Let’s start with a definition of Lad Culture. I will use the NUS definition as I feel it’s pretty conclusive. Most people I’m targeting this blog at probably won’t even know what is meant by Lad Culture. So here’s the definition that came from their research:

‘Lad culture’ was defined by our participants as a group or ‘pack’ mentality residing in activities such as sport and heavy alcohol consumption, and ‘banter’ which was often sexist, misogynist and homophobic.

I’ve seen People that have been calling the issue of Lad Culture a debate, discussion or (worst of all) a matter of opinion. I’ve also seen good men, and at times women, vehemently defend Lad Culture and at the end of that suggest that they both understand and support female liberation.

Let me start by saying something that some people may use against me; suggesting I’ve written myself off in my own argument, but actually, it’s something that strengthens it:

I do not understand female liberation. I am a white, predominately (although I hate to say it…) middle class, male.

There… I said it. It wasn’t so hard. Let me now say something else:

I definitely support female liberation and I have no desire to try and lead the change. I will be the first one to step in line behind the women that do.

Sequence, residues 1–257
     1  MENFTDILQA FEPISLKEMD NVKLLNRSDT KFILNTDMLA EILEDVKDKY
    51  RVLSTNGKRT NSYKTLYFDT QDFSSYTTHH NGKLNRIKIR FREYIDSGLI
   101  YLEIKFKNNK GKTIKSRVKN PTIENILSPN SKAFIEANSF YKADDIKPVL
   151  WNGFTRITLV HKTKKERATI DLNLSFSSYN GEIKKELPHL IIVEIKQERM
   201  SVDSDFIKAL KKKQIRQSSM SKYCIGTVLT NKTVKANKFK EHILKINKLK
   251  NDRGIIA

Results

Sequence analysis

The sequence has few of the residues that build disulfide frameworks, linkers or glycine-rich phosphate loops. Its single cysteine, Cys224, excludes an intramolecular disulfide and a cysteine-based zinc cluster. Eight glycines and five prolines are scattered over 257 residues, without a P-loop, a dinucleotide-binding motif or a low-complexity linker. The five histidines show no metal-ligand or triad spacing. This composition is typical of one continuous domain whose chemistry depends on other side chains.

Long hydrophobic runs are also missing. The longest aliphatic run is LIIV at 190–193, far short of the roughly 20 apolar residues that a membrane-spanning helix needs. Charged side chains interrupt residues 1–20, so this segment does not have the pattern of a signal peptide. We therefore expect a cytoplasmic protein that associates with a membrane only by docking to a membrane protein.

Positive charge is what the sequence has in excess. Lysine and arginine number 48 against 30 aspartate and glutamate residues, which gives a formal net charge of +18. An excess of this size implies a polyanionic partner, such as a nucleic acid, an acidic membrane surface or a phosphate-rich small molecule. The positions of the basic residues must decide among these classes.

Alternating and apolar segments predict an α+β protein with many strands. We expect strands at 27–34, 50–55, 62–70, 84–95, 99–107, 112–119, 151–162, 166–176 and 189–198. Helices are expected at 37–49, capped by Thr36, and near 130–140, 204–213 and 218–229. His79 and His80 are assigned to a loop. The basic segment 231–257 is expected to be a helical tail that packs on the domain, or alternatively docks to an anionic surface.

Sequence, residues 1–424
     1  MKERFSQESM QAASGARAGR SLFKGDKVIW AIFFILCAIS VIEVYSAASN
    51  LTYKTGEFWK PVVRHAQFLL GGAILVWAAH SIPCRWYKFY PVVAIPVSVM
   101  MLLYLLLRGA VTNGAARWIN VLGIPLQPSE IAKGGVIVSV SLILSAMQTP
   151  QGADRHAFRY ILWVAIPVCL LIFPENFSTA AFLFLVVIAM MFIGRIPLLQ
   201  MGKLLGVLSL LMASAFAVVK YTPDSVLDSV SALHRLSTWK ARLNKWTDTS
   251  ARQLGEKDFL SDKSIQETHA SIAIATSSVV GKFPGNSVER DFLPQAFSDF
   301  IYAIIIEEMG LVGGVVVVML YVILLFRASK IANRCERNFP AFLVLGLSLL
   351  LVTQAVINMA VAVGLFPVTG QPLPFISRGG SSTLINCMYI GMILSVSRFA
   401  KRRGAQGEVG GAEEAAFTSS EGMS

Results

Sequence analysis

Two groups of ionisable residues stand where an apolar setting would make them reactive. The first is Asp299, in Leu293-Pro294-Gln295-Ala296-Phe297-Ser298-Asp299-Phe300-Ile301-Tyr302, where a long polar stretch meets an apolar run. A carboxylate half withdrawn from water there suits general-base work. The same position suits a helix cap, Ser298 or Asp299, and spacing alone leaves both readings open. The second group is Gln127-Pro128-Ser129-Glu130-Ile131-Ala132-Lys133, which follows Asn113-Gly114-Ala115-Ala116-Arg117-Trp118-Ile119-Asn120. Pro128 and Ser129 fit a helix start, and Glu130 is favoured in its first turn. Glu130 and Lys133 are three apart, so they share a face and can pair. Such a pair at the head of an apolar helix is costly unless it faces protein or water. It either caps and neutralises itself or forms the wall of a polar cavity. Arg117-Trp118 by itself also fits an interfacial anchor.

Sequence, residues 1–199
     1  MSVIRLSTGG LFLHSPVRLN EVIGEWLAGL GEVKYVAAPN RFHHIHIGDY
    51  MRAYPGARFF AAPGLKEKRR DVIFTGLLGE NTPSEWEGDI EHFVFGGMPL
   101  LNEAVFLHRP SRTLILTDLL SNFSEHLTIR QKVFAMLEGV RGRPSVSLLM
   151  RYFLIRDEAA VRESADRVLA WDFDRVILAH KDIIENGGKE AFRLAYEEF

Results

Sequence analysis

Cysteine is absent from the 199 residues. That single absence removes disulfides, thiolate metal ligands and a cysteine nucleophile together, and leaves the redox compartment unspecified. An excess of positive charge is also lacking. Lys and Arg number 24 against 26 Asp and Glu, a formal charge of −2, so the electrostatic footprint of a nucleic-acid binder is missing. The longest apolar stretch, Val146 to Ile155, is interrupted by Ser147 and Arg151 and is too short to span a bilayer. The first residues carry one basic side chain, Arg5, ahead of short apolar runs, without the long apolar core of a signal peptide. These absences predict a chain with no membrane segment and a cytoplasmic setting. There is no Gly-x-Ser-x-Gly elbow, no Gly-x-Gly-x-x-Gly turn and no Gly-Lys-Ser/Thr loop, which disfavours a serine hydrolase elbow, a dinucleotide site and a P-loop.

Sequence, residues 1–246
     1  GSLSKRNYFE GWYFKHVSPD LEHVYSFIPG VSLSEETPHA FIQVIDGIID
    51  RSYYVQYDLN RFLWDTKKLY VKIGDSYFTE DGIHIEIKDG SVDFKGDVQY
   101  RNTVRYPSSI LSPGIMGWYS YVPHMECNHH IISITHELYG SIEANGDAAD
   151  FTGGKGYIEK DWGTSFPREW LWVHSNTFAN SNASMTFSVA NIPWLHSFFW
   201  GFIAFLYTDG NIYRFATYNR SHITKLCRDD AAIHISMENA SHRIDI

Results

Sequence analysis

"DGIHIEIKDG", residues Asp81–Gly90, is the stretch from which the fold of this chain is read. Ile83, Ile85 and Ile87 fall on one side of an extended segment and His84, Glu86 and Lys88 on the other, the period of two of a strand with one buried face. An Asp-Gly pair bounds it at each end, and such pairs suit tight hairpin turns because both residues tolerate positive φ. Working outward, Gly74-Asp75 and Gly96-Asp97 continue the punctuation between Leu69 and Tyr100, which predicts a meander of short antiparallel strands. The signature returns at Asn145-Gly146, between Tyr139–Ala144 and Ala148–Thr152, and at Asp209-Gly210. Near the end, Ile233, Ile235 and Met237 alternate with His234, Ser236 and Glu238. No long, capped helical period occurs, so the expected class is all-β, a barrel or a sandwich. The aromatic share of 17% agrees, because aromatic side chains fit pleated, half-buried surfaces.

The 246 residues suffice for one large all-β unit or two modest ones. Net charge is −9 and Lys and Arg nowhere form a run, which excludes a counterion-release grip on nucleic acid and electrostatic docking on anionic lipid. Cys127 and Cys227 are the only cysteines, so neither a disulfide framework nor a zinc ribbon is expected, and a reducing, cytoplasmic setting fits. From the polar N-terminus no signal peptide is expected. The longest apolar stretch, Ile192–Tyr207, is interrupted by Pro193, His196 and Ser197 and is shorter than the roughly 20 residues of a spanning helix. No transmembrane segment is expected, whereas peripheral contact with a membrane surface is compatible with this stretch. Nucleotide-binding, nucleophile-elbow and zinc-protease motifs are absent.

For me, there is a very clear difference between saying you support and understand liberation. In my opinion, men simply can never hope to understand female liberation fully because they’ve not had the experience women have had.

So, this is the issue that there is a continued fight against at the moment. Here’s a question, How does this impact the church?

The church has been known to crush liberation, has been accused and genuinely has negated the empowerment of women and on the whole sometimes fails to stay current. However, if you look at what Jesus was like, and believe in Him, then it stands to reason to assume the church should be directly involved in empowering positive change in society that brings equality.